Remains of 60 mammoths found in Mexico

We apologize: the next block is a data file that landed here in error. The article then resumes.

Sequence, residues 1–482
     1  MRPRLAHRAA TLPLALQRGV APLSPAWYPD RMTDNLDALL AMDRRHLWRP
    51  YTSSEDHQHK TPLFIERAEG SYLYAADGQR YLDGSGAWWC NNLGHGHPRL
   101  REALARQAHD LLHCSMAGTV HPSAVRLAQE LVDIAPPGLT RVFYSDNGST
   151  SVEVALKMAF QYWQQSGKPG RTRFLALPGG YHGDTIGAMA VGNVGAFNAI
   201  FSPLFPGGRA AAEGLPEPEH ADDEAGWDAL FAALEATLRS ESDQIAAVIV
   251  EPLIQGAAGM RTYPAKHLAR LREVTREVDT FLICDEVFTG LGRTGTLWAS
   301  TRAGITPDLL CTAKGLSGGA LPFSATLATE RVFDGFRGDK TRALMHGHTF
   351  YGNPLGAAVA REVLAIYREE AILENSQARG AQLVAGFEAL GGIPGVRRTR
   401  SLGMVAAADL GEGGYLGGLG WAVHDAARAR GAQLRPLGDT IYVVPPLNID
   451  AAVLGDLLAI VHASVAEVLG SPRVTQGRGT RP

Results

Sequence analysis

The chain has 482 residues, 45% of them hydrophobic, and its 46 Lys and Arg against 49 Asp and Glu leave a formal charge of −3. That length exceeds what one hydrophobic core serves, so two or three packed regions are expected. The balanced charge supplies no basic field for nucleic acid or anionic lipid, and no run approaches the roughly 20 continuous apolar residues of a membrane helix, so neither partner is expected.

Pedro Francisco Sánchez Nava, the institute’s national coordinator of archaeology, said the remains of about 60 mammoths had so far been uncovered in three areas since exploration started late last year on the airport construction site, which was formerly occupied by the Santa Lucía air base. The institute announced those findings in November, saying the bones could shed new light on the hunting habits of prehistoric communities who may have forced the Pleistocene animals into man-made traps. Adam N. Rountrey, a collection manager at the University of Michigan Museum of Paleontology, said at the time that the find in Tultepec was “interesting,” but he noted there had been debate about whether sites of mammoth remains represented hunted animals or scavenged natural deaths. Competing theories explain the demise of the mammoths, but it was most likely a combination of climate change, which created untenable conditions for the animals and also killed off a plant-based diet, as well as contact with humans who sought their skin and meat.